Arvo Pärt is now so popular that it's no longer necessary to explain him. His piety is approachably beautiful and welcoming. He was not born composing his airy, contemplative, trademark "tintinnabular" (bell-like) music; up to the early 1970s, he cut his teeth on the 12-tone scale. His four symphonies, presented here on one CD for the first time, take us through that part of his career.

J. Gordon Holt  |  Aug 07, 2018  |  First Published: May 01, 1966  |  9 comments
Music to Listen to KLH By
Excerpts from recordings by Everest and Concert-Disc.
KLH VSR-101 (LP).

Don't be misled by the title of this. It's fine for listening to KLH by, and it is also fine for listening to any other top-notch reproducer by. It is, in fact, the best, and most musical, stereo demonstration disc that's come along to date.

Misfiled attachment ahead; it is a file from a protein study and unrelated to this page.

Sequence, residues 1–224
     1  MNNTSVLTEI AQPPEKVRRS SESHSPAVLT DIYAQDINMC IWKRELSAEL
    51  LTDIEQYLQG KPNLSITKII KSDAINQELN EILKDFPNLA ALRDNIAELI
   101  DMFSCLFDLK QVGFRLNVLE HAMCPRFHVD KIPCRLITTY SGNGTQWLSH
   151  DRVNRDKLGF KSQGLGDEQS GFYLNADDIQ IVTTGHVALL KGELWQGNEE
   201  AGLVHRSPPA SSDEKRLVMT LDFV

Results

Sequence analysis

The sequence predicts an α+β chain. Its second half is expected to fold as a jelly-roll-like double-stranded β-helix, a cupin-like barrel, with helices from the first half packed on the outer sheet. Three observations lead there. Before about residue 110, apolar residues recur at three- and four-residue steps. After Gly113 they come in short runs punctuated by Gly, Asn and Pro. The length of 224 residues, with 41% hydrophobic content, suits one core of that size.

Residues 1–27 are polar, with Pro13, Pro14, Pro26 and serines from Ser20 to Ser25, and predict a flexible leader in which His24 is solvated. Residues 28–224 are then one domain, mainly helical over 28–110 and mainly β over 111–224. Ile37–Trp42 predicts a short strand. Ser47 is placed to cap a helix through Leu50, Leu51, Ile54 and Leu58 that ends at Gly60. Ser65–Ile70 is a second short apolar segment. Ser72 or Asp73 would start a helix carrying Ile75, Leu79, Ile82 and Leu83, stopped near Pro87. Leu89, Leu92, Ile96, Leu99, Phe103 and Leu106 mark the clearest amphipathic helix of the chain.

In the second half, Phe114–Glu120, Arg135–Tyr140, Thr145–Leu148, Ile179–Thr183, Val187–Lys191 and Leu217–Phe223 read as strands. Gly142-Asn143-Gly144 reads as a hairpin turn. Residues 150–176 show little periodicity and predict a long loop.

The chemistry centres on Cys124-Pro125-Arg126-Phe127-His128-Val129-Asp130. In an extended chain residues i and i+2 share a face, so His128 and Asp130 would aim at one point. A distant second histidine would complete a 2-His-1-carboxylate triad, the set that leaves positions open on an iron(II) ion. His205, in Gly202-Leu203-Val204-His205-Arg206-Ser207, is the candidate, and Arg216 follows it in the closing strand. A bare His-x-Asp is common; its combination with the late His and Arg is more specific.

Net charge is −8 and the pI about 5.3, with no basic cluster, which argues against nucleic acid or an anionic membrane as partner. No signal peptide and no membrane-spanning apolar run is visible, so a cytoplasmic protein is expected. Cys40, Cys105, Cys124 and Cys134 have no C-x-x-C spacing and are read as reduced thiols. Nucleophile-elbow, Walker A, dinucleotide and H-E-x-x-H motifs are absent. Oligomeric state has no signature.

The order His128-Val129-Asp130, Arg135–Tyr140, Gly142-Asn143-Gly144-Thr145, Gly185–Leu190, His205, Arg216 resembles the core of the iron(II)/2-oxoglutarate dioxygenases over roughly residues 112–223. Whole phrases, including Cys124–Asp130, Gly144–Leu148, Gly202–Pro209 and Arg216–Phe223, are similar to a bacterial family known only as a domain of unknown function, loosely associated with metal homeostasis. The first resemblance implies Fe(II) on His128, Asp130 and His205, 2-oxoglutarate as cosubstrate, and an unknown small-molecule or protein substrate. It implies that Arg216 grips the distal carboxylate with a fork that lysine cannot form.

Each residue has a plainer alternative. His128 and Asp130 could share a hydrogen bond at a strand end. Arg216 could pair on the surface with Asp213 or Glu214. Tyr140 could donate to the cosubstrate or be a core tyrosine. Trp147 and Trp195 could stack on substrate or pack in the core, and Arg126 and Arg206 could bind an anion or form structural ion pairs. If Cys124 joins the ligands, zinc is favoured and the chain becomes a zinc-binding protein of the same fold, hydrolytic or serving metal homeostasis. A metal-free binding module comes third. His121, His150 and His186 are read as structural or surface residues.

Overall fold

J. Gordon Holt  |  Jul 31, 2018  |  First Published: Sep 01, 1966  |  6 comments
Sibelius: Symphonies Nos.4 & 5, The Swan of Tuonela, Tapiola
Berlin Philharmonic, Herbert von Karajan
Deutsche-Grammophon 138 974 (LP, Symphony 4). Both symphonies reissued on CD (Deutsche Grammophon 457 748 2)

Magnificent, musically natural recordings with some of the deepest, fattest bass and richest, warmest orchestral sound that's been committed to recordings for many years. The discs are a shade more lucid than the tapes, but not much. Take your pick.—J. Gordon Holt

Kalman Rubinson  |  Jul 12, 2018  |  41 comments